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Respiratory infections cause over 1,300 deaths

Media Statement
The Asthma Foundation
From the New Zealand Respiratory Conference

Embargoed until Thursday 27 September 2012

Respiratory infections cause 27,000 overnight hospitalisations for infectious diseases per year and over 1,300 deaths

Over the last 20 years the incidence of acute overnight hospitalisations for infectious diseases in New Zealand has risen by more than 50%, with lower respiratory infections the single biggest cause, the New Zealand Respiratory Conference in Wellington was told today. This increase in infectious diseases is particularly important as they are the main cause of respiratory disease hospitalisations (71%) and respiratory disease deaths (56%) in New Zealand. This equates to 27,000 respiratory hospitalisations a year and over 1,300 respiratory deaths.

Associate Professor Michael Baker, public health physician in the Department of Public Health at the University of Otago, Wellington presented his latest research demonstrating the impact that increasing social inequalities are having on infectious diseases and particularly respiratory disease.

“The distribution of infectious diseases in New Zealand almost exactly matches patterns of social inequality. Those living in the poorest neighbourhoods are almost three times more likely to be hospitalised than those living in the least deprived areas.”says associate professor Baker.

“The connection between poverty, overcrowding, cold houses and increased respiratory admissions to hospital is well established,” says associate professor Baker. “Many of these serious infections are preventable or would respond well to early treatment”.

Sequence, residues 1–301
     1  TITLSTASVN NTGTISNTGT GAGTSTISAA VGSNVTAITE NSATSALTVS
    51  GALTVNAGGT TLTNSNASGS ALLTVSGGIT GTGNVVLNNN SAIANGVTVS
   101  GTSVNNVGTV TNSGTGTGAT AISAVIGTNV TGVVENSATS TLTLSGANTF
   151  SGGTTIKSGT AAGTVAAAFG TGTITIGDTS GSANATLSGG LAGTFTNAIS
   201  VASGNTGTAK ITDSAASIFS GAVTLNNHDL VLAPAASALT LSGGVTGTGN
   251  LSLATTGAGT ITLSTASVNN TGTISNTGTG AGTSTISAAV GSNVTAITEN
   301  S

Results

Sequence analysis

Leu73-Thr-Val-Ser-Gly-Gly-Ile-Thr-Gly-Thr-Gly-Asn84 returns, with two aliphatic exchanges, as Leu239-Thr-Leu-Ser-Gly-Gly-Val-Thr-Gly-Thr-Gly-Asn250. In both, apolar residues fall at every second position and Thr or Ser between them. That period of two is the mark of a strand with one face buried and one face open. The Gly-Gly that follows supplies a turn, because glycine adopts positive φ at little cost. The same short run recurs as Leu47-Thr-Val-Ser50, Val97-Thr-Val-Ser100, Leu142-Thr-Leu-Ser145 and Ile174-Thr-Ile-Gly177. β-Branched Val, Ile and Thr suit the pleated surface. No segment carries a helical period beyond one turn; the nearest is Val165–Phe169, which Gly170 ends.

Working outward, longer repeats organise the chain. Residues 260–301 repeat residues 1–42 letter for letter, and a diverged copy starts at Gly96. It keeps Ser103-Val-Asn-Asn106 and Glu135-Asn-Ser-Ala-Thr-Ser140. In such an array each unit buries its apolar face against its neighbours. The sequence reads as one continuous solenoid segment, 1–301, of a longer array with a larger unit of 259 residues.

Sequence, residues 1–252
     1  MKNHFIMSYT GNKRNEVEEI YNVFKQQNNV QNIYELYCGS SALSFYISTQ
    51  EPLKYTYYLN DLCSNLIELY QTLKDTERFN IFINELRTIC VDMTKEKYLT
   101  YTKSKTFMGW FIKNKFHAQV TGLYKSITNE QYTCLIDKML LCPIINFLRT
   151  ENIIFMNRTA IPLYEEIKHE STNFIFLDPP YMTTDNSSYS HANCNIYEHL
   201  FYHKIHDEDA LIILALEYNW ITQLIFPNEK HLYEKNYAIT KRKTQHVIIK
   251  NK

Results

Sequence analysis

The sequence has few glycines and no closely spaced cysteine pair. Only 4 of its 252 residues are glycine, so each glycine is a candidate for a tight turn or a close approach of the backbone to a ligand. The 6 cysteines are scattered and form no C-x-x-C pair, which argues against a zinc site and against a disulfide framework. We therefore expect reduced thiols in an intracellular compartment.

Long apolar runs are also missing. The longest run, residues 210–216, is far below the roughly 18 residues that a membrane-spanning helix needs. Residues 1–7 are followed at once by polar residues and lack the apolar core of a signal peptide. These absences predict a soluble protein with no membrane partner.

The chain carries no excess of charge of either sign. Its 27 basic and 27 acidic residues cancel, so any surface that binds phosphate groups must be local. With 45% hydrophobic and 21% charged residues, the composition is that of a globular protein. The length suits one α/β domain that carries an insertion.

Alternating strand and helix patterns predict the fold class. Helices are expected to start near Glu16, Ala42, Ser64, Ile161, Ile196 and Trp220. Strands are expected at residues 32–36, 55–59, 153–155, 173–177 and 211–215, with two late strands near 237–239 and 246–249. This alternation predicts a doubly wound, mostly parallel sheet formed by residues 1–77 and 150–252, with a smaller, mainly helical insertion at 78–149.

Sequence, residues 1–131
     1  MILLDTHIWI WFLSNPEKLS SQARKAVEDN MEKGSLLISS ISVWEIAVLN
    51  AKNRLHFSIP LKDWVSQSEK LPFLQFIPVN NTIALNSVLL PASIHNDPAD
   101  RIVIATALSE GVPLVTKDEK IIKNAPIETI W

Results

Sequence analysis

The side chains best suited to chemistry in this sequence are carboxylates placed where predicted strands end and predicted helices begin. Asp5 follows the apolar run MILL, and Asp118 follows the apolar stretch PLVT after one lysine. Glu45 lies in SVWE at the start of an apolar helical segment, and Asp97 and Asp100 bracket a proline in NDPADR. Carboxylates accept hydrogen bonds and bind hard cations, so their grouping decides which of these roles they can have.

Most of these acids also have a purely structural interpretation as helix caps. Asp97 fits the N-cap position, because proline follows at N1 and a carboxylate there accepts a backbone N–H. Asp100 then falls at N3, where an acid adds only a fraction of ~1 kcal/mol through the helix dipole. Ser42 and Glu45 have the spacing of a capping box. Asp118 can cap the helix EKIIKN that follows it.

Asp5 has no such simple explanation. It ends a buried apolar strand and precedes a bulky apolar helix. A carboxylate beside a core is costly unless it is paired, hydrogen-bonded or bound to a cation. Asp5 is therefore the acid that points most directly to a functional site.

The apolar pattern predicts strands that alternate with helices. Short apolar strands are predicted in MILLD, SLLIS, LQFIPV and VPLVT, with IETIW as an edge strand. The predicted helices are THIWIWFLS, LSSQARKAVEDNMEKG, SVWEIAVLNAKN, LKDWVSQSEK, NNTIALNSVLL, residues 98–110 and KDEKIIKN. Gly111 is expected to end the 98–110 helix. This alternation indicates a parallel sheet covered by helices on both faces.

“Serious infections cause great personal, social and financial costs for patients and families,” says Dr Bob Hancox, Medical Director of the Foundation. “The fact that there are 27,000 hospital admissions and over 1,300 deaths from respiratory infections each year highlights the importance of reducing poverty, better housing, and improving access to primary health care to improve respiratory health. Hospital treatment for respiratory infections also puts a great burden on the health service. Better prevention and earlier treatment would save money as well as lives.”

Associate Professor Baker says responding to the public health threat posed by infectious diseases requires a multi-sectoral approach with interventions aimed at basic social determinants such as income levels, housing conditions, and access to health services.
Fortunately, there are interventions that can decrease such inequalities. Housing New Zealand’s Healthy Housing Programme appears able to lower hospitalisation rates by about 25% for children living in households that receive this intervention. Research being carried out by the Housing and Health Research programme at the University of Otago has shown that home insulation and improved heating can also reduce hospital admissions.
“These presentations to the New Zealand Respiratory Conference reinforce the importance of prevention” says Angela Francis, Chief Executive of the Foundation. “Give our children good housing, good lungs and a good start so they have the best opportunity to grow strong and be well throughout their lives”.


Notes for editors:

1. About 1 in 4 New Zealand children has asthma and 1 in 6 adults.
2. New Zealand has the second highest rate of asthma in the world, following the UK.
3. About 800 000 New Zealanders are affected by asthma and other respiratory conditions.

About the Asthma Foundation

The Asthma Foundation is New Zealand’s not-for-profit sector authority on asthma and other respiratory illnesses.

We advocate to government and raise awareness of respiratory illnesses, fund research for better treatments and educate on best practice. We provide resources on our website and support our 17 affiliated Asthma Societies in providing education, support and advice.

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